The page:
Industry Experts Say Vinyl Explosion Isn't Slowing Down Anytime Soon
In a brand new discussion at the New Music Seminar, experts from all areas of the vinyl industry, from production to marketing, discussed the 260% growth over the past five years and why it will continue to grow.
SoundScan, the Nielsen company which tracks how many vinyl albums are sold, calculated that almost 9.2 million were sold in 2014. However, most experts on the vinyl panel agreed that the real number was higher. Steve Sheldon, president of a company which manufactures vinyl, said "If there were only 9 million records sold last year, then I printed 7 million of them. I estimate the number sold was closer to 32 million."
There was disagreement with that number, as many experts were quick to point out that a record manufactured does not necessarily mean a record bought. Also, the 32 million number is not taking into account any double albums.
Amidst all this uncertainty one thing was clear: the vinyl business will take some more time to get organized. Because the seemingly random explosion in sales began only in 2009, most facets of this industry aren't equipped to handle a demand increase of 50% every year.
"Most of our equipment is 30-40 years old. In order for the vinyl industry to keep up with demand, we would need 40-50 new presses worldwide," Sheldon says. The problem is these presses are very expensive, and with vinyl only growing since 2009, investors are hesitant to splurge cash on something that might die out in the next decade.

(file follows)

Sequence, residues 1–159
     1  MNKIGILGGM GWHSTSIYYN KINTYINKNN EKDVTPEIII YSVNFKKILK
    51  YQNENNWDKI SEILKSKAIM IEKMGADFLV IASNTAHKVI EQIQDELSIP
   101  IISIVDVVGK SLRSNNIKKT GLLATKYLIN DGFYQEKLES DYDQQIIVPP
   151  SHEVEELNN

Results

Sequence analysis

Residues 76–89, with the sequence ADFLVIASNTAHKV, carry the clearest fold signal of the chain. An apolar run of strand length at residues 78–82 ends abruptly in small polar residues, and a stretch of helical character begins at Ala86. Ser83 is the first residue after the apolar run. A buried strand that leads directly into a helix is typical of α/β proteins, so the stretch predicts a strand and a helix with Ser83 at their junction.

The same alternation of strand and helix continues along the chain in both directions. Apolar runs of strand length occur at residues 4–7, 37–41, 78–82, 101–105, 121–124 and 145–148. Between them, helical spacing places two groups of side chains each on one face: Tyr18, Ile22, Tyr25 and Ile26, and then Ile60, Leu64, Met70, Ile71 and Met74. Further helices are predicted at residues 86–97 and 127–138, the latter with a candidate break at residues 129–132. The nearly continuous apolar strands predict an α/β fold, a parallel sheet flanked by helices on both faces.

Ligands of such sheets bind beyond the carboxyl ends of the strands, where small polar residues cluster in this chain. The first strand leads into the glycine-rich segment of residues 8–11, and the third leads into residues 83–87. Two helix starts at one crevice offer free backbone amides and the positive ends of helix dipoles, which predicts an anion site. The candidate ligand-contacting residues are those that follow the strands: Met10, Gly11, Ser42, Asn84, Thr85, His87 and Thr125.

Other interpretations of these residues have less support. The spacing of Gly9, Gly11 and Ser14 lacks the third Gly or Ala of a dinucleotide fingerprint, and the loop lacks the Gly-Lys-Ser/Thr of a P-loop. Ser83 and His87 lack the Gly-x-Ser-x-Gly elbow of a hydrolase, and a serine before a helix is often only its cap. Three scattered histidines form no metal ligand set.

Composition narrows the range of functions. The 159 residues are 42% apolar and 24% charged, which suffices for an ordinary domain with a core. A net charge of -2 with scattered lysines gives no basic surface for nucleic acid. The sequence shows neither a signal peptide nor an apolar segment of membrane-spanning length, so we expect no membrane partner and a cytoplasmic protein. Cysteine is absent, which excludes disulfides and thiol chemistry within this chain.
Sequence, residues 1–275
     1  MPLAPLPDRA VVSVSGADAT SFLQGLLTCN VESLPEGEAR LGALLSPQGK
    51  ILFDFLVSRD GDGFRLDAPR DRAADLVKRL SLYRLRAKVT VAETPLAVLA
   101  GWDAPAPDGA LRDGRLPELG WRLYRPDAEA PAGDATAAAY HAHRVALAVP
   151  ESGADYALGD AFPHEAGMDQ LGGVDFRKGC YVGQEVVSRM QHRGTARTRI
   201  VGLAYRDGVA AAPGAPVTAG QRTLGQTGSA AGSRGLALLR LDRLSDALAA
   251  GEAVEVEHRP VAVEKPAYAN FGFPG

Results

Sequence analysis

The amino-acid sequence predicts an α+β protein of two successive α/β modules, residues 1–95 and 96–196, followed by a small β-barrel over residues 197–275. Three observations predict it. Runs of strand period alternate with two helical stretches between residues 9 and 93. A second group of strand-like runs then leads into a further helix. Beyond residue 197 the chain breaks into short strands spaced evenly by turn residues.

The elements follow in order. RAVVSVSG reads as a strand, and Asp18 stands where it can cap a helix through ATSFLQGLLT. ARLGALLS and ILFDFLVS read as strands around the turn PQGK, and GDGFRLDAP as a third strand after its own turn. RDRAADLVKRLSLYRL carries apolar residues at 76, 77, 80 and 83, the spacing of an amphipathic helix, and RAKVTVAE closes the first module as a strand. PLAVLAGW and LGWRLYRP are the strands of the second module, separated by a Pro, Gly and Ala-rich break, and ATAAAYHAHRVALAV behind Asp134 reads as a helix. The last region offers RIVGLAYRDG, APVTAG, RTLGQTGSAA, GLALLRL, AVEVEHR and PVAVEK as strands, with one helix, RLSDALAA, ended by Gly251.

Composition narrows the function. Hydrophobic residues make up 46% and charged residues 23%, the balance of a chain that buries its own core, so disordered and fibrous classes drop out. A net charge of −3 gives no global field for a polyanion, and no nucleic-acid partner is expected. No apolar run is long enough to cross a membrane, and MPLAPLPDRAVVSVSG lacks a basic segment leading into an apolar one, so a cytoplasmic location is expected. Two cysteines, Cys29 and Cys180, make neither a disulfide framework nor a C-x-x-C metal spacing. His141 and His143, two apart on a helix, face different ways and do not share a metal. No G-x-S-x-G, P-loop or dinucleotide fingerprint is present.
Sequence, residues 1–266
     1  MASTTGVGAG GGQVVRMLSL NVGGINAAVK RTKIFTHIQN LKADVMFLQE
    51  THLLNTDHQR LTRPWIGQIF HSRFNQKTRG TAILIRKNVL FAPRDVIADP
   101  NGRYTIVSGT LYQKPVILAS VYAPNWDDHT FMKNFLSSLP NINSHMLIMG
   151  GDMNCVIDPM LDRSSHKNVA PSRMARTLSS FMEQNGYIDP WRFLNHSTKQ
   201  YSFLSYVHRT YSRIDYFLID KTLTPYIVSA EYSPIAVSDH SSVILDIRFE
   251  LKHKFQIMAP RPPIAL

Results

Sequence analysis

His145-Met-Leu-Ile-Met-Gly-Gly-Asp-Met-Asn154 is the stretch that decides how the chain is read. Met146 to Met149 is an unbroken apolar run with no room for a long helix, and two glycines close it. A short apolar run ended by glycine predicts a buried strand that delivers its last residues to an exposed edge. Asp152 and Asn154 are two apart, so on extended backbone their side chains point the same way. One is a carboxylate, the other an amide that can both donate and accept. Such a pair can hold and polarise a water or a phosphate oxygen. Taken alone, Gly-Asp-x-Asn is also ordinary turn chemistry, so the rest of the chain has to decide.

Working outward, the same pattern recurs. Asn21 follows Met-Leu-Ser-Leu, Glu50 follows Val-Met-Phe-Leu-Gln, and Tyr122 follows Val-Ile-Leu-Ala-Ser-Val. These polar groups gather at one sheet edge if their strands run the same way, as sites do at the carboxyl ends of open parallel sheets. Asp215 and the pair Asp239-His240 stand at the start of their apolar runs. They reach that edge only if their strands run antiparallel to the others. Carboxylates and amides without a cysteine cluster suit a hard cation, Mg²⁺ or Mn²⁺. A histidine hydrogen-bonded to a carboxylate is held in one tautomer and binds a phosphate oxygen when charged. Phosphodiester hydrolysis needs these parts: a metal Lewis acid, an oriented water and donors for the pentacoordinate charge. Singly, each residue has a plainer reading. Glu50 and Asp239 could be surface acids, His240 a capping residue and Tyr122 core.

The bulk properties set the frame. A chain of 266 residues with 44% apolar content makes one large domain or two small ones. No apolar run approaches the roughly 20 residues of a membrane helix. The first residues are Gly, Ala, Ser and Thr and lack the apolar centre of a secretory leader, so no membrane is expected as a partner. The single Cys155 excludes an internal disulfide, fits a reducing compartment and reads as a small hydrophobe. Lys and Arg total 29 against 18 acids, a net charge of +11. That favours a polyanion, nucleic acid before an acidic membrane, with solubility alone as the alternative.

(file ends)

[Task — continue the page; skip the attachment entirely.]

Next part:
However, Bryan Burkert, owner of two massive vinyl stores based in Baltimore and New York, says that vinyl will continue to grow. "It seems that vinyl skipped a generation...I've got 14, 15, 16-year-old girls in my store all the time."
Billy Fields of Warner Music Group explained that while vinyl will continue to grow, it's not for everyone. "Vinyl will always be a niche market" Fields says. But Fields echoed the sentiments from other panels at NMS saying that vinyl and streaming are not mutually exclusive. "People make the mistake of thinking that you either are streaming music or you're buying vinyl. In fact, many people will discover albums they love via Pandora or Spotify and then go out and buy them on vinyl. Nothing can compete with a physical copy."
Fields offered a wealth of insight into this world, but one remark he made reminded everyone that NMS 2015, behind all the press passes and PowerPoint presentations, is about the music.
"In this world of smartphones and rapidly changing technology, it's almost impossible to live in the moment. I think that second when you pick up the tone arm and are about to drop it onto the record, when all you're thinking about is the music that is coming next, that's the most in the moment we can get."